In the overall context of common-sense golf turf maintenance, the principles of integrated pest management (IPM) have been a stellar guiding force for more than 40 years.

First utilized to combat the cotton boll weevil, growers in all areas of agriculture have relied on IPM techniques for decades to set the tone for reasoned pest control.

Scouting, perhaps the most important component of IPM, sometimes goes overlooked by turf managers in a hurry to address pest concerns. For long-term success, though, the key process of identifying the host and pest species, as well as estimating some sense of the level of infestation, must be part of the pest control equation.

The alternatives – either “spray and pray” one-trick ponies or a completely predetermined spray schedule – may work in the short run, but the classic approach of identifying the pest, determining the level of infestation or infection, consideration of all available control options, and selection of the best combination of all methods simply can’t be beat.

Scouting, monitoring, inspecting

  • The words scouting, monitoring and inspecting are often used interchangeably, and they mean the investigation into potential damage from insect pests and disease organisms. However, drawing fine-line nuances can be helpful in terms of effective pest control. Specifically, the differences are:
  • Scouting – simple but effective daily and weekly explorations.
  • Monitoring – pretty much the same thing but over time. Usually a regular set of scouting operations.
  • Inspecting – the physical act of looking closely and performing diagnostic procedures to determine if pests are causing damage.

Abiotic causes always should be considered as well as living ones. Depending on the time of year, non-living agents can cause just as much damage as actual pests.

Use historic occurrences to help guide scouting activity. So, if brown patch started becoming a problem on a certain week in 2013 and 2014, then extra attention should be paid to the locations on the course where and when those events occurred if the conditions are similar in 2015.

Contents of a scouting “go bag” — hand lens, soil probe, screwdriver, knife, 5-gallon bucket, note pad and even a chisel for hard to dig sites.PHOTO BY JOHN FECH

How do you know about historic occurrences? Keep a diary, either electronic or old-fashioned paper. This localized record of pest activity is valuable in predicting future pest outbreaks.

Tools of the trade

On the insect side, a cup cutter, sturdy pocket knife, 10-20 x hand lens, 5-gallon bucket, lemon-scented dishwashing soap and a portable chair are essential tools.

Each has its purpose. The cup cutter and pocket knife are used to pull chunks of sod out for closer examination. The hand lens makes it easier to detect insects that tend to be quite hard to see and distinguish from each other.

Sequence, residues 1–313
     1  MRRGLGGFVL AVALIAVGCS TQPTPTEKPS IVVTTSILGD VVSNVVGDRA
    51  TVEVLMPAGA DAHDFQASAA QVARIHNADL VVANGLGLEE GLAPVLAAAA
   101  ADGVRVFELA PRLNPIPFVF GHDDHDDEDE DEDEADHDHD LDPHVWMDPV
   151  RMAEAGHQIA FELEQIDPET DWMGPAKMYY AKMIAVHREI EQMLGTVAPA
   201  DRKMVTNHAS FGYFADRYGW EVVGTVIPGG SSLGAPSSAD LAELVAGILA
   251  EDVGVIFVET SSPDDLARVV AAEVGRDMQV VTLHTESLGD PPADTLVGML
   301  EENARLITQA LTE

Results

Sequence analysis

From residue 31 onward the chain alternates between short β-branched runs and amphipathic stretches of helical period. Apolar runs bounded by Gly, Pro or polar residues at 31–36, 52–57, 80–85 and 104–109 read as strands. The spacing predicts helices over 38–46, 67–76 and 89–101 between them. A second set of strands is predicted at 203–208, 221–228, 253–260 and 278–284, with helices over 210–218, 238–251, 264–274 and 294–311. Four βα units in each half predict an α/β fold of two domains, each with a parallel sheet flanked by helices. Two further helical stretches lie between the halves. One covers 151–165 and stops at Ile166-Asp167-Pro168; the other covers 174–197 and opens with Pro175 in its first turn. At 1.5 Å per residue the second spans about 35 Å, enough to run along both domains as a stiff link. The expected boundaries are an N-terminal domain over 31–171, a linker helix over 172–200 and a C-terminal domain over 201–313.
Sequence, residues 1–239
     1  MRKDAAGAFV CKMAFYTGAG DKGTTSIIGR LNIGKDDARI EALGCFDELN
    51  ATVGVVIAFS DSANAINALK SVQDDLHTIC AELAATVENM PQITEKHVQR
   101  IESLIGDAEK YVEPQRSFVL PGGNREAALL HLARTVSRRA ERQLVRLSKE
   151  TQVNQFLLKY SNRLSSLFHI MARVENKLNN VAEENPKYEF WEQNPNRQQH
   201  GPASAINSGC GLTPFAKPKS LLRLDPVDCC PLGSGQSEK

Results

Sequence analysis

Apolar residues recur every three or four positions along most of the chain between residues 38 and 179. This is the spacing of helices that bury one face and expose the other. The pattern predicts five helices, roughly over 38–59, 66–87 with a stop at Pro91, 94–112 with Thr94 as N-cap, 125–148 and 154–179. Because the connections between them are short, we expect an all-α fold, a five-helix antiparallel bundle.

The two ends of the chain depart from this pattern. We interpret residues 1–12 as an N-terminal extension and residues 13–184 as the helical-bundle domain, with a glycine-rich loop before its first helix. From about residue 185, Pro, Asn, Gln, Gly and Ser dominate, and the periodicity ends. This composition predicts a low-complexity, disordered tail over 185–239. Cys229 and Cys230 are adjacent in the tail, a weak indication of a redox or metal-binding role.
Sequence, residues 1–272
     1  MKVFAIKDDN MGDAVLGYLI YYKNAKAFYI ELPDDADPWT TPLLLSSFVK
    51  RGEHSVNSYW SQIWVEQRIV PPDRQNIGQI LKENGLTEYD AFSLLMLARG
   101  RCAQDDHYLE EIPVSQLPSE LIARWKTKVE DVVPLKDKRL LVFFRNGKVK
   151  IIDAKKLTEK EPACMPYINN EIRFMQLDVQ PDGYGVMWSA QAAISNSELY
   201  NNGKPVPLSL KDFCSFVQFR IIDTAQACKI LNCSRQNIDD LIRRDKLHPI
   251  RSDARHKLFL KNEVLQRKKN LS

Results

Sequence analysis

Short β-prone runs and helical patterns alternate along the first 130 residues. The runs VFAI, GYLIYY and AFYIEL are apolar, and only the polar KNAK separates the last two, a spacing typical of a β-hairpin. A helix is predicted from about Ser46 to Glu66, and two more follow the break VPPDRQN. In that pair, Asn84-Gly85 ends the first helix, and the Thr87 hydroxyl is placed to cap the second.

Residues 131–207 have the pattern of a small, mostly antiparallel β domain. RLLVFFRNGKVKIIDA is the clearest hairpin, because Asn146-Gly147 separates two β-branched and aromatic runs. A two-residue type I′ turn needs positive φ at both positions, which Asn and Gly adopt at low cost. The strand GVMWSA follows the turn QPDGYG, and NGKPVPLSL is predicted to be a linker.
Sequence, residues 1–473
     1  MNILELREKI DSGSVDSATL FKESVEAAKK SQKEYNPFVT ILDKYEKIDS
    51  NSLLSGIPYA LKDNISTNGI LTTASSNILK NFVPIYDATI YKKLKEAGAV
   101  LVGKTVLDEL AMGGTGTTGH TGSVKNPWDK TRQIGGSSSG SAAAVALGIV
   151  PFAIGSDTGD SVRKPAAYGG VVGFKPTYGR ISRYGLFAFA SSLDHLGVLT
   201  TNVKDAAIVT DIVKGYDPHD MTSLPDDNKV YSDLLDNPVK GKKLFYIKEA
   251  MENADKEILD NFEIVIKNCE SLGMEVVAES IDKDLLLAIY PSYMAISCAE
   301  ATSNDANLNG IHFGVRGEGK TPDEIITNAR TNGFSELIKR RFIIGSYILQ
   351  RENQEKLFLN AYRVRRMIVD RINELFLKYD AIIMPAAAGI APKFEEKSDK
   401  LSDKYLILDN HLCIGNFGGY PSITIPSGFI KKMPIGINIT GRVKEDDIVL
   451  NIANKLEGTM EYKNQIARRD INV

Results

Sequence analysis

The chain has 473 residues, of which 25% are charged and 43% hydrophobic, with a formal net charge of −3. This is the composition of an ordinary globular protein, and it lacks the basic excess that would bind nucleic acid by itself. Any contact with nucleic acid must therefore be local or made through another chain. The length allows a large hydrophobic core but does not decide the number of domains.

The soap can be used in a detection solution; create it by mixing 1 cup of soap in 4 to 5 gallons of warm water, then gently pour it over 1 square yard of affected turf. Now the purpose of the portable chair becomes evident, as it can be used to sit and wait for certain insects to be irritated by the solution and come to the surface to escape the annoyance.

Many of the same tools can be used for disease detection, particularly the knife and hand lens. Considering that leaf lesions, rotten roots and raised pustules are being sought, seeing what’s small up close is always a help.

The other dual tool of the trade is the 5-gallon bucket, in that, if a certain malady is present at first glance, the bucket makes a great carrier to transport the plug back to the maintenance shed for a closer look.

Photo sheets, diagnostic textbooks, web pages and smartphone apps are a third type of tool. Mostly used indoors, these can be invaluable when it comes to parsing out small differences between pests that can make a big difference, such as between the various species of white grubs.

Root and shoot examination can be conducted in the maintenance shop.PHOTO BY JOHN FECH

Seasonal classics

Turfs and pests alike tend to be favored or discouraged by temperature and other weather-related factors. As the following are considered, match the observed conditions in the field to the heading, attempting to arrive at a possible cause. These symptoms develop in cold weather, usually in later winter or early spring.

  • Winter desiccation – bleached or dead grass, especially in windy areas.
  • Spring frost – new leaves killed back following freezing temperatures.
  • Water/ice damage – follows drainage patterns.
  • Snow mold – wet grass covered with white, grey or pink mold. Several species can be involved.

These damage symptoms develop in cool weather, usually in mid-spring or late fall: